If you are considering taking an IOSH Managing Safely course, here are five reasons why it would be beneficial for you to achieve this qualification.
1. Understand Your Responsibility for Safety
The IOSH Managing Safely course is designed for anyone who is responsible for the safety of other members of staff, such as a line manager or supervisor. When you are in a position of responsibility where you oversee others, you have a duty to keep them safe.
This course will introduce you to key health and safety management principles and will draw on your own experience and knowledge, so that you have the skills to help reduce hazards in the working environment and tackle existing issues within your company.
This course will address your legal responsibility and legislation in place designed to protect the safety of employees and members of the public, leaving you with a better understanding.
2. Proactively Identify and Avoid Hazards
Within the IOSH Managing Safely course, you will learn to identify hazards and help avoid accidents by honing your attention to detail and ability to carry out thorough risk assessments and management on site. The course will take you through common hazards and human factors that can cause accidents, so you know what to look out for and instil in your team the importance of avoiding these common and avoidable accidents.
As part of your end assessment and evaluation, you will complete a hazard spotting exercise to review your ability to spot and identify hazards.
3. Understand How To Investigate Accidents
By the end of the IOSH Managing Safely course, you should be able to confidently investigate any accidents that occur on site and review how and why they happened. Additionally, you will look on what actions can be taken to avoid the same accident happening again – be that further safety elements, health and safety education or equipment training.
You will leave the course with a checklist and tools that you can use in your workplace to aid you in your investigations, how to pre-empt potential hazards and the questions to ask.
4. Create A Safer Workspace
With this training, you will have the ability to help shape the health and safety policy in your workplace and suggest and implement new working practises to increase the productivity of the workforce and reduce sick days among staff.
You will be able to take inspiration from the three day course and interactions with your fellow course members on elements that could be implemented within your own workplace which is great for both the business and your career development.
5. Measure Your Own Performance
As well as giving an opportunity for career development, this course will allow you to measure your own performance and how you are meeting the requirements of your role in promoting health and safety and motivating staff.
The course covers a wealth of information such as; the costs and losses that occur from accidents and hazards; management models to encourage care and attention; human factors in accidents; understanding accident causation; where investment needs to be made and creating a safe environment for people to work.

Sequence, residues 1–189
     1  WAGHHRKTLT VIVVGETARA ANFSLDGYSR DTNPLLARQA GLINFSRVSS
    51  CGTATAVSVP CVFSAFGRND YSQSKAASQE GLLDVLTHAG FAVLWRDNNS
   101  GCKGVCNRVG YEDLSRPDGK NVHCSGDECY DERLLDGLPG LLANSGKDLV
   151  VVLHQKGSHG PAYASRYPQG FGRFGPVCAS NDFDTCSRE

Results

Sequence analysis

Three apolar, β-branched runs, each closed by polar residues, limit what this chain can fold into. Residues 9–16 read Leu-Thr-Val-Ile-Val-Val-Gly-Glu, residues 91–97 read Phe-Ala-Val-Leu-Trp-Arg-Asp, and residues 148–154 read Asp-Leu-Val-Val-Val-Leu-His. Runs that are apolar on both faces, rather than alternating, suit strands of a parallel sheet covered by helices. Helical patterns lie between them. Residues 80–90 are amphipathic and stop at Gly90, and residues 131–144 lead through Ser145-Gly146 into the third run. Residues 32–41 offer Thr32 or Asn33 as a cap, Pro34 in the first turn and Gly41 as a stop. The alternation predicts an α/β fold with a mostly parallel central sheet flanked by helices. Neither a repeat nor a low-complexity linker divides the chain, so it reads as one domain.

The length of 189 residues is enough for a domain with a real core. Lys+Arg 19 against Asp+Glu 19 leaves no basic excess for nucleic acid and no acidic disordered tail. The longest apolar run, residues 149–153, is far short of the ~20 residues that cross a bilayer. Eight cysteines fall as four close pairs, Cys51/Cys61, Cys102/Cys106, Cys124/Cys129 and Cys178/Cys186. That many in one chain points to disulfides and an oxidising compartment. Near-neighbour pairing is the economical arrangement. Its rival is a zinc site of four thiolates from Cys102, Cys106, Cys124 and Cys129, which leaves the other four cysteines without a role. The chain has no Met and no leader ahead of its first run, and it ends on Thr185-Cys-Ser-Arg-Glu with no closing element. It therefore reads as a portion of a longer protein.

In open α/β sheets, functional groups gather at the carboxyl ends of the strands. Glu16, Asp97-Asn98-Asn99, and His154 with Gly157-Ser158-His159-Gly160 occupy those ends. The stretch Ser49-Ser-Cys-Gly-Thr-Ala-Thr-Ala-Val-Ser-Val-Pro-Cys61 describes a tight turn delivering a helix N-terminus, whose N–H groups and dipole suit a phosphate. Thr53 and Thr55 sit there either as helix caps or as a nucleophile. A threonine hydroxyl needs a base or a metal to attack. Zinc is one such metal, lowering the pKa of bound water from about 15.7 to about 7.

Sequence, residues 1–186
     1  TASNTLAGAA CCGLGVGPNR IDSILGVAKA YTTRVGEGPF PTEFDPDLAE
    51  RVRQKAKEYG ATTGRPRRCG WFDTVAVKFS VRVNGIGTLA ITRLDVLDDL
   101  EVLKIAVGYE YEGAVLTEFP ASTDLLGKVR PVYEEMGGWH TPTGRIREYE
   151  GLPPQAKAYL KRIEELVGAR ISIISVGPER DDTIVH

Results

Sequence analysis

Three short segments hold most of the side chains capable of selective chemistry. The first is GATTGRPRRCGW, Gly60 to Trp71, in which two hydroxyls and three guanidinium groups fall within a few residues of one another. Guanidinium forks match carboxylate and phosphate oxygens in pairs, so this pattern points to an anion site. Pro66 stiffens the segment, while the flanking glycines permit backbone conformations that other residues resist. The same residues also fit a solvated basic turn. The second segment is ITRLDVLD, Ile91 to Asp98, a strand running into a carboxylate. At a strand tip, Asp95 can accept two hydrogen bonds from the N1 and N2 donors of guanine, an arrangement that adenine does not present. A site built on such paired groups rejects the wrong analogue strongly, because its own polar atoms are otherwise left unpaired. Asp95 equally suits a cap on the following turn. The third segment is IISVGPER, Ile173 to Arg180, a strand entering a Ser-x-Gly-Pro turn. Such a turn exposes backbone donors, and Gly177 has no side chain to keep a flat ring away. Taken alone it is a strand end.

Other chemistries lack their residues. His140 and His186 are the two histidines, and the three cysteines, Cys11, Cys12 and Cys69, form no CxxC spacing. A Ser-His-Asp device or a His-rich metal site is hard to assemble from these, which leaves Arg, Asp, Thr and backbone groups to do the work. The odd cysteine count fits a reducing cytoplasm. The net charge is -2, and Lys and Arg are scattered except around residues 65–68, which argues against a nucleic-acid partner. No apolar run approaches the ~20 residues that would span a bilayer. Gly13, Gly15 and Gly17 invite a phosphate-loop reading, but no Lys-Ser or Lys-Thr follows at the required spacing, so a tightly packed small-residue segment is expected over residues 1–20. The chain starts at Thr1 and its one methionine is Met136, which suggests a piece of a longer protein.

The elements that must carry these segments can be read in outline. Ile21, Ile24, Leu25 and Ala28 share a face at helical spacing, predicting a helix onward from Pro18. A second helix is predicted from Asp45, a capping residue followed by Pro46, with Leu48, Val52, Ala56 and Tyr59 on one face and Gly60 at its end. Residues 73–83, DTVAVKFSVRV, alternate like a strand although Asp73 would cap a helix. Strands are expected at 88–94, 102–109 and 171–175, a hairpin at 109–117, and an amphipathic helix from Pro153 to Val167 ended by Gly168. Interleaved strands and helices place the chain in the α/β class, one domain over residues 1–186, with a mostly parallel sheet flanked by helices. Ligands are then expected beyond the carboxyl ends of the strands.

You do not need any prior health and safety knowledge to take this course, just a willingness to learn.
What are the most common accidents on construction sites?
According to HSE, the most common cause of non-fatal accident on a construction site is slips, trips and falls on the same level at 26%, followed by injures from lifting or carrying at 19%, falls from height at 19% and being struck by a moving or falling objects at 12%.
The most common cause of fatal accidents on a construction site is falling from height at 47%, followed by being trapped by something collapsing or overturning at 16%, being struck by a moving or falling object at 12% and being struck by a moving vehicle at 10%.
What are the most common work-related illnesses in construction?
Unsurprisingly, the most common form of work-related illness in the construction industry is from musculoskeletal disorders. This can be caused by repetitive strain, lifting heavy objects, poor posture and a number of other factors. By training people to observe safe lifting practises and prioritise their health to seek help for issues early on, hopefully we can reduce the prevalence of musculoskeletal disorders within the construction industry, which currently accounts for 57% of work related illness.
Something that is becoming increasingly apparent and noted is that stress, depression and anxiety is second biggest cause of work related illness accounting for 26%. Just as we appreciate the importance of physical health in the construction industry, we all have a responsibility to prioritise mental health as well, such as becoming a Mental Health First Aider.
How common are accidents?
We can often think that we will never see or be involved in a workplace accident, but it can happen all too easily. In the construction industry, there are 81,000 workers suffering from work related ill health. A report from the HSE in 2020 shows there were 61,000 non-fatal injuries and 40 fatal injuries.
To avoid yourself or your team becoming another statistic, it is important to recognise the importance of health and safety. You will leave the IOSH Managing Safely course with the knowledge and confidence to lead your team into working safely and productively.